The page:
Interaction of Cattle Grazing and Aspen Regeneration
Weyerhaeuser Company Limited
Lead Researcher: 
Art Bailey, PhD, University of Alberta, Edmonton
Forestry and ranching interests often conflict on Alberta crown lands when cattle graze in regenerated aspen cutblocks. Foresters fear that grazing activity may reduce stocking, growth and injure regenerating aspen thus promoting future stain and decay of the wood. The general objective of this research was to evaluate the effects of livestock grazing, wild ungulate browsing, and tree harvesting on aspen regeneration and incidence of decay.

The study took place north of Nojack, in the Weyerhaeuser’s Edson Forest Management Agreement area. Harvest and grazing studies were carried out in cutblocks logged in summer 1994. All experimental units were established within the Aspen-Balsam poplar/Green alder/Marsh reed grass community type. Cattle grazed the experimental units from June to September. Ungulates in the study area were assumed to utilize the cutblocks as well (especially during winter). The decay study took place in regenerated aspen stands that were approximately 25 years old.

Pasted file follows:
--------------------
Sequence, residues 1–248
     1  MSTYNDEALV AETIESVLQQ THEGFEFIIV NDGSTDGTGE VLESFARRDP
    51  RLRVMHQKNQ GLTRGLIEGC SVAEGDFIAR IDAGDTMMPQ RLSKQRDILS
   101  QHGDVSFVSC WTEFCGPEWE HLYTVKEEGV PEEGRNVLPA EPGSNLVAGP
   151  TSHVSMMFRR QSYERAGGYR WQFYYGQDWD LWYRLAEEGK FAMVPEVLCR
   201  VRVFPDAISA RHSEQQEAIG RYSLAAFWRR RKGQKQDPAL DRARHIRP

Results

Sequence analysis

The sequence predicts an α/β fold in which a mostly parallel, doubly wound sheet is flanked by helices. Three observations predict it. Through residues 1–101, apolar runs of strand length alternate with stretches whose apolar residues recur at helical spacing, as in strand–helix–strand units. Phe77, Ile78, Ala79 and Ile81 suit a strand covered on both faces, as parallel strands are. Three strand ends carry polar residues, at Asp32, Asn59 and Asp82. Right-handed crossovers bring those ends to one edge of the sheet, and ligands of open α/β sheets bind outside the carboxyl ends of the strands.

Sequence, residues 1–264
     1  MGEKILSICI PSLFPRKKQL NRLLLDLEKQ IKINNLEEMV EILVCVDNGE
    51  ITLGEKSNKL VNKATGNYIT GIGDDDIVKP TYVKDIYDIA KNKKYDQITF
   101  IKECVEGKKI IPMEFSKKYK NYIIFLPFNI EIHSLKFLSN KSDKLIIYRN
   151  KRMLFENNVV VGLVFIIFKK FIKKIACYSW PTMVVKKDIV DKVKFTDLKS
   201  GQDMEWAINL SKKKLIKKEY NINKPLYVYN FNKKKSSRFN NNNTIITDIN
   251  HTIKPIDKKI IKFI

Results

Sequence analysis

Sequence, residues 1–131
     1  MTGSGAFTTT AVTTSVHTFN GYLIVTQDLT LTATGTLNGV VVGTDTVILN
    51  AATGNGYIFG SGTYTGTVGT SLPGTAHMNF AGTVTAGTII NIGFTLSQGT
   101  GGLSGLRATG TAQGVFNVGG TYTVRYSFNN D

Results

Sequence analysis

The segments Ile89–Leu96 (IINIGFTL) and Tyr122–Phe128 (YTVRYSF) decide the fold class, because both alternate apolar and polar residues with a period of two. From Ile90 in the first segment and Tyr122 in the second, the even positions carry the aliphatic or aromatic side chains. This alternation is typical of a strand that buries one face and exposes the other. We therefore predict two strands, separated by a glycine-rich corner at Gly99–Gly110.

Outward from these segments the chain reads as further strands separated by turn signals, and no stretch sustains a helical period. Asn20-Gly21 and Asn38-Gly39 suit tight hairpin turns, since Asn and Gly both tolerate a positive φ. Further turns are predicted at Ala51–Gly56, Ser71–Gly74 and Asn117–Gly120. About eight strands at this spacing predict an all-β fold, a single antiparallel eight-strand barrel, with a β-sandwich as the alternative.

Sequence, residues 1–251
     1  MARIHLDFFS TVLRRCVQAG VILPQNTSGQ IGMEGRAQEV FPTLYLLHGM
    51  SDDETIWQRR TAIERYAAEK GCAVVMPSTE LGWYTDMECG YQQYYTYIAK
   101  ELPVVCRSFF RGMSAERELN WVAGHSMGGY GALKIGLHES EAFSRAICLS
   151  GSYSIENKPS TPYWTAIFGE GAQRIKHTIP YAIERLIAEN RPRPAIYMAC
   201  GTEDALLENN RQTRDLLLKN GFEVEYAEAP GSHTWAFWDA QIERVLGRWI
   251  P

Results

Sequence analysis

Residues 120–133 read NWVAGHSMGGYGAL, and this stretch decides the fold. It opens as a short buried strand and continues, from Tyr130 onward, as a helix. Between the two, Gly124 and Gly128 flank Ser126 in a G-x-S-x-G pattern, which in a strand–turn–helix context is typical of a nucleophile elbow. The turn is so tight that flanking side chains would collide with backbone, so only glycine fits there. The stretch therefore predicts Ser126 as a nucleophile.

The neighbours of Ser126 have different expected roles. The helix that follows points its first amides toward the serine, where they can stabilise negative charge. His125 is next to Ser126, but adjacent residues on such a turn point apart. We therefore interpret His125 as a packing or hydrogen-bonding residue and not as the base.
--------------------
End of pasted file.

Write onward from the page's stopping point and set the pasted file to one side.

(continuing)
Aspen regeneration and forage production were maximized with light to moderate skidding disturbance regimes, decreased with no-skid and increased with skidding intensity. Decking disturbances significantly reduced aspen regeneration and forage production. Wild ungulate browsing was not found to affect aspen regeneration, however aspen regeneration was found to be most successful in absence of cattle. Grazing of cutblocks by cattle during August-September was not found to impact aspen regeneration. Annual grazing for four or five years reduced aspen stem height within June-July grazed treatments, thus impeding aspen regeneration. Grazing in June increased aspen wounding and mortality rates relative to July grazing. Aspen stems were most susceptible to cattle damage during June. Deferring cattle grazing until July improved aspen regeneration. By July the aspen stems were less likely to be foraged by cattle. There was no correlation between the percentage of sound, stained, or decayed wood in trees and the intensity of grazing. Although future defect volumes cannot be predicted, the low percent values for decay and stain suggest that the presence of cattle did not lead to an increase in defect volume. This is not surprising since the major decay of aspen, Phellinus tremulae, appears to use broken branch stubs as its avenue for entering the bole of trees.